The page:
Recently the Cabinet gave its approval to set up one lakh Common Service Centres. What implications does this have for the estimated 13,000 kiosks currently operational in the country? This article highlights some of the lessons learnt from the existing CSCs and the issues that need to betackled for the ambitious roll-out.

The Union Cabinet has approved a Rs. 5,742-crore scheme to set up 100,000 Common Service Centres (CSCs) in rural areas across the country that will offer a basket of Government to Citizen (G2C) and Business to Citizen (B2C) services. These CSCs have been conceived as a strategic cornerstone of the National e-Governance Plan (NeGP) which is envisaged to ensure anytime, anywhere web-enabled delivery of Government services. The CSCs are expected to be rolled out over the next 18 months, by March 2008. Each CSC would be Internet-enabled with broadband connectivity with a speed of 256 kbps. The whole scheme would be implemented as a public-private partnership (PPP) with involvement of government, civil society and industry. The CSCs would provide video, voice and data content and services in the area of e-Governance, education, health, agriculture, etc. They will also make available application forms and certificates and have facilities for payment of electricity, water, telephone bills. They will also offer services such as  e-enabled vocational training, rural BPO, weather information and market & supply chain linkages.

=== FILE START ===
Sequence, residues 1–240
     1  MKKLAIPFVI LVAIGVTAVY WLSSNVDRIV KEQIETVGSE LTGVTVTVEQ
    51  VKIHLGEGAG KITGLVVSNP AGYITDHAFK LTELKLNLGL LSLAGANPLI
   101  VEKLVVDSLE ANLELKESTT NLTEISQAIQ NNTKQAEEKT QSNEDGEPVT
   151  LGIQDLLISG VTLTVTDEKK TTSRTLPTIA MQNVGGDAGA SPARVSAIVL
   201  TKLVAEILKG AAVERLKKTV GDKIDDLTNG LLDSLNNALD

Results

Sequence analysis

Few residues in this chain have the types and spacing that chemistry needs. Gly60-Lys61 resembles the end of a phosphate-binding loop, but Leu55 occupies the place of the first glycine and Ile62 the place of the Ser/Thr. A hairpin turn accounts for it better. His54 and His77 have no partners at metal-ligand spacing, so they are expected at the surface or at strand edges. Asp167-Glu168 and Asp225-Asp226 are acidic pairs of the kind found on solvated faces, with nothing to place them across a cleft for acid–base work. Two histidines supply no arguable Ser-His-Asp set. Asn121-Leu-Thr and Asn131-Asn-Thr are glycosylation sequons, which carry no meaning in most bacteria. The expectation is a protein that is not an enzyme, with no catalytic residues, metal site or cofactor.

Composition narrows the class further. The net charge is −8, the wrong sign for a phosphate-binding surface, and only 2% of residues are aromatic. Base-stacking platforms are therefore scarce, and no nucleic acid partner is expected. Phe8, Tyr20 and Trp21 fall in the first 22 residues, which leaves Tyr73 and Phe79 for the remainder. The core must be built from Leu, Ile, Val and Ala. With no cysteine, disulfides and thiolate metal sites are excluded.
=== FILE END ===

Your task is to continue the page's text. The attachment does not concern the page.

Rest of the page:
Out of the estimated 12,000-13,000 kiosks currently existing in the country; 45 percent kiosks are owned by the government or government mandated agencies. Out of these over 65 percent kiosks are located in rural and peri-urban areas and remainder in urban areas. Regarding ownership and operation there are four models: (a) Government kiosks (b) Private kiosks (c) Public Private Partnership (PPP) kiosks and (d) NGO/Civil Society kiosks.

(a)  Government Kiosks: Since the government has a major stake in the delivery of its services to the citizens, majority of the kiosks are owned by the government. Broadly the government owned kiosks offer services like provision of various certificates like land records, birth and death certificates, caste certificate, etc; payment of utility bills; and provision of information about government schemes.

(b)  Private Kiosks: The private sector has a major interest in expanding its market share in the rural areas as well as to tap the rural market for its supply chain. Large number of private companies including top corporate houses like ITC, Tata, Unilever, ICICI Bank,  and Mahindra have set up private kiosks in various parts of the country.  It is estimated that 35 percent of the kiosks are owned by the private sector.